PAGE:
The euro zone economy is on track for a recovery later this year driven by the European Central Bank's loose monetary policy and demand from abroad, the bank's President Mario Draghi said.
The ECB cut interest rates to a new record low in May and said it would act again if necessary but its hand may in part be stayed this month and going forward by a rebound in inflation, which rose back to 1.4 percent in May from 1.2 percent in April.
That is still way below the bank's roughly 2 percent target and unemployment in the euro zone reached a fresh high in April at 12.2 percent, fuelling further calls for policymakers to do more to help the economy.
"The economic situation in the euro area remains challenging but there are a few signs of a possible stabilisation, and our baseline scenario continues to be one of a very gradual recovery starting in the latter part of this year," Draghi said in the text of a speech prepared for the International Monetary Conference in Shanghai.
After the ECB's last policy meeting a month ago, the bank said economic activity should stabilise and recover gradually. The bank meets again on rates next Thursday.
Ahead of a court hearing in Germany later this month on complaints about the ECB's new government bond purchase programme, dubbed Outright Monetary Transactions (OMT), Draghi spent much of the speech defending the initiative.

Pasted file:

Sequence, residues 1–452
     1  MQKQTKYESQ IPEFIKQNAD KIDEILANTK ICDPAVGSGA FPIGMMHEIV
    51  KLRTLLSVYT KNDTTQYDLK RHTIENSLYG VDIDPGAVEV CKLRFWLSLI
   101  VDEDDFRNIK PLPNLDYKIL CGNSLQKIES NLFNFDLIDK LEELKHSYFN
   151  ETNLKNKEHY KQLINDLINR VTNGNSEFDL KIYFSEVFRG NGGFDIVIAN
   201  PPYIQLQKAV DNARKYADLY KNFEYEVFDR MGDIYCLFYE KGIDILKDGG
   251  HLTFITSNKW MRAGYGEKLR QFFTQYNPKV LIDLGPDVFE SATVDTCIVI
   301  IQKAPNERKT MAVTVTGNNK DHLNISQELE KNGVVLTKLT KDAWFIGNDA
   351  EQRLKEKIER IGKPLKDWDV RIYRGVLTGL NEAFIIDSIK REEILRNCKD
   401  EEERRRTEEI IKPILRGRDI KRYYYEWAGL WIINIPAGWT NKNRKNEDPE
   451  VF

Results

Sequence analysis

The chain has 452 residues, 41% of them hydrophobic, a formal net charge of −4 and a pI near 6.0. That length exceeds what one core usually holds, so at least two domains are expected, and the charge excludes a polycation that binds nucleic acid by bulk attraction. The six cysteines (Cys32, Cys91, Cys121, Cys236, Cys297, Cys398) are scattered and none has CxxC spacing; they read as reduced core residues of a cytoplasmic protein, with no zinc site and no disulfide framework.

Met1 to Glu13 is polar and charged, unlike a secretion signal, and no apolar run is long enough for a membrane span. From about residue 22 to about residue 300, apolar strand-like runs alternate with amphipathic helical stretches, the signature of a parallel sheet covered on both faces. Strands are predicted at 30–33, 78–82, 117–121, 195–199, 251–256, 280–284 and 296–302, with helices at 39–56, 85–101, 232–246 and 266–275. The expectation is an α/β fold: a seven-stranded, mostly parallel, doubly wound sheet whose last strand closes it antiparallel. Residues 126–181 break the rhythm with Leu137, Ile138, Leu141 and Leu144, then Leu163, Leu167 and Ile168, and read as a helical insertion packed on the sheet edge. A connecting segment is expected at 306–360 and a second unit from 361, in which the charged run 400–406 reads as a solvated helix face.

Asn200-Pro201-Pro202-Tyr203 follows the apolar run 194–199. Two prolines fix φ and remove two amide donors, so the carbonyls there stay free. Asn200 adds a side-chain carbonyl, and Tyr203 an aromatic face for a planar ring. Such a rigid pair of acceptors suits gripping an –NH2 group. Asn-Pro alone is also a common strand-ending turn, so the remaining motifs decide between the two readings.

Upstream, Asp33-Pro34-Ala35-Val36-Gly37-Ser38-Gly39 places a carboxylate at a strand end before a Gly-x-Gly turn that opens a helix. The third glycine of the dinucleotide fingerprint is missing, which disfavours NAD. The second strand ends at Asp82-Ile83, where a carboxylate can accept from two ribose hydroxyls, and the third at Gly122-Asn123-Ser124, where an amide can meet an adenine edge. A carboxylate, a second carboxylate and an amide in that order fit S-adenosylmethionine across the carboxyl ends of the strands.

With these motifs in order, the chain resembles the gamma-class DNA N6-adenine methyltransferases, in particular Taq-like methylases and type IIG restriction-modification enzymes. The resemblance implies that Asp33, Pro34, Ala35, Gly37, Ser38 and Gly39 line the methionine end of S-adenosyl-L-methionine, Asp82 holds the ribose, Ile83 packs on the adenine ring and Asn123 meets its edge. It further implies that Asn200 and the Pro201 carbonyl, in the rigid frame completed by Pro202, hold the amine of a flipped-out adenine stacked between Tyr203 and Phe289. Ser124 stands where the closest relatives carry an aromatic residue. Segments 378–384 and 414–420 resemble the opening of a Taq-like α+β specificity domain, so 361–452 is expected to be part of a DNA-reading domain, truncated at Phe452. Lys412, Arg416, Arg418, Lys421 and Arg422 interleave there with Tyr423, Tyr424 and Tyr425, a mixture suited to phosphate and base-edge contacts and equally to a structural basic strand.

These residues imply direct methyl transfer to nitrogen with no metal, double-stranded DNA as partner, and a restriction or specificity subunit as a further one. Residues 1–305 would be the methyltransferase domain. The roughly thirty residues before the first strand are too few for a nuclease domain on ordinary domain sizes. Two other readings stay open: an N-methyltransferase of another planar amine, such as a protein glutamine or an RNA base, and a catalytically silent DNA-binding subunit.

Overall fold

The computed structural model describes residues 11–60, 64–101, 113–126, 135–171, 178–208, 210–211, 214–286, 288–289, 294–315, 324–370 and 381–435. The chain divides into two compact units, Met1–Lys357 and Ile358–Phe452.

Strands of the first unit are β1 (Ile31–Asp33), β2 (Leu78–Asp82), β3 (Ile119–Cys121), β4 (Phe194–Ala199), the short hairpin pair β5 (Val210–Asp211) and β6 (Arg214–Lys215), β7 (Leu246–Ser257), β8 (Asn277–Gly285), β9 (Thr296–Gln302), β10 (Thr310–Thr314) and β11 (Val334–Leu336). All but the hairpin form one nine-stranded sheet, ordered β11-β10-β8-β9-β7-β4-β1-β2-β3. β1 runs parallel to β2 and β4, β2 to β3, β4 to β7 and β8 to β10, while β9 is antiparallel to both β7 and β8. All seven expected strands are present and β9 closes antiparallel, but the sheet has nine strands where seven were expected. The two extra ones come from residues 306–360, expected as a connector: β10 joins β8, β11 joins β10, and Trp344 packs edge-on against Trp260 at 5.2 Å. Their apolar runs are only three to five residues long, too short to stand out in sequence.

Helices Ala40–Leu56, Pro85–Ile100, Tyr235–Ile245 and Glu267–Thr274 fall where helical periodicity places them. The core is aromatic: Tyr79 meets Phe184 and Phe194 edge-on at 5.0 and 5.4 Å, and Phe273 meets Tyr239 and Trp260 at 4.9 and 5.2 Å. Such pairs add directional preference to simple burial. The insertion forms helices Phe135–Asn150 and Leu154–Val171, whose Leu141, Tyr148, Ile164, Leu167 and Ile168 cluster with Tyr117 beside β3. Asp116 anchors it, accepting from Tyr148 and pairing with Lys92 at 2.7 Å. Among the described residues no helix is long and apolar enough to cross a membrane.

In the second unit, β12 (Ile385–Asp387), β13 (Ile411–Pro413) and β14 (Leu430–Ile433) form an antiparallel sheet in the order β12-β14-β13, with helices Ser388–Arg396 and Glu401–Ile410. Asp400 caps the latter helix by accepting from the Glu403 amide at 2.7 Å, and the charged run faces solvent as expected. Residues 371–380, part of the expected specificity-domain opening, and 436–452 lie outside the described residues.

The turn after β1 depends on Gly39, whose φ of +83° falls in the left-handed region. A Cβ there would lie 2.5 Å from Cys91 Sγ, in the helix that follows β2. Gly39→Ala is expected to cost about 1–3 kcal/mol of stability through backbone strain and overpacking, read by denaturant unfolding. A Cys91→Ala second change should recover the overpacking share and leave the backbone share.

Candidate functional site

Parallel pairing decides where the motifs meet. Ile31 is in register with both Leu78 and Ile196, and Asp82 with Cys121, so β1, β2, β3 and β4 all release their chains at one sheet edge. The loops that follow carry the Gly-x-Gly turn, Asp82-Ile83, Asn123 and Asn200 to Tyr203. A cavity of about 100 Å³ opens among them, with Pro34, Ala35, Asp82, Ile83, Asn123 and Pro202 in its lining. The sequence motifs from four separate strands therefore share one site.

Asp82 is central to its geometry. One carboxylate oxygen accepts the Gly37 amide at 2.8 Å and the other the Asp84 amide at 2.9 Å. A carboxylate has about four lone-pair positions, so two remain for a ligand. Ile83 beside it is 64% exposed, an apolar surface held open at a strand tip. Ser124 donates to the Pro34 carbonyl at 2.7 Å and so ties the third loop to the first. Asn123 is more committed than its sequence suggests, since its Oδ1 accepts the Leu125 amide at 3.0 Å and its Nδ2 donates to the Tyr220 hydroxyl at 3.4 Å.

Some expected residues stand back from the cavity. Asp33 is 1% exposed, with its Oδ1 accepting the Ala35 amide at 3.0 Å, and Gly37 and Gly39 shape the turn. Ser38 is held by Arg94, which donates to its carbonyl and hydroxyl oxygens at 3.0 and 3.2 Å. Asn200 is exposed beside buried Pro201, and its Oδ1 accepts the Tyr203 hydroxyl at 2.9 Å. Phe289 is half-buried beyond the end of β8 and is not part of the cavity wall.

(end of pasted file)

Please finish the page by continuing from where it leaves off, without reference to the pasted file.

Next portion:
He said the threat of the ECB buying bonds had played a key role in calming financial markets, from which "virtually all economic agents, including corporations, banks and households" were benefiting.
"Nevertheless, vulnerabilities remain," Draghi said.
Calmer markets have given governments more breathing space to adjust and last week, the European Commission announced that several countries would have more time to meet deficit targets.
But Draghi urged governments to stick to their reform paths.
"To inspire confidence, policy-makers must follow-through with their fiscal reform agenda," Draghi said.
"In fact, little would be gained from a loosening of fiscal adjustment today if it creates market expectations that additional tightening will become necessary tomorrow."
In the medium term, he said, it had to be ensured that the adjustment was based on increasing productivity.
"Only through steadfast pursuit of such structural reforms can the competitiveness of euro area economies in the global marketplace be restored," Draghi said.
The ECB can only start buying a government's bonds once the country has signed up to strict reforms under a bailout programme and even then, Draghi said, the OMT was "designed to keep government bond yields just below 'panic' levels".
"Not to bring them down to levels that would somehow help government solvency," he said. "ECB intervention under OMTs would not address those parts of sovereign bond yield spreads that are fundamentally justified."
Draghi said it was important to recall that always and especially in the present situation, the need for governments and parliaments to reform did not stem so much from the bond market but from the dramatic conditions in the labour market.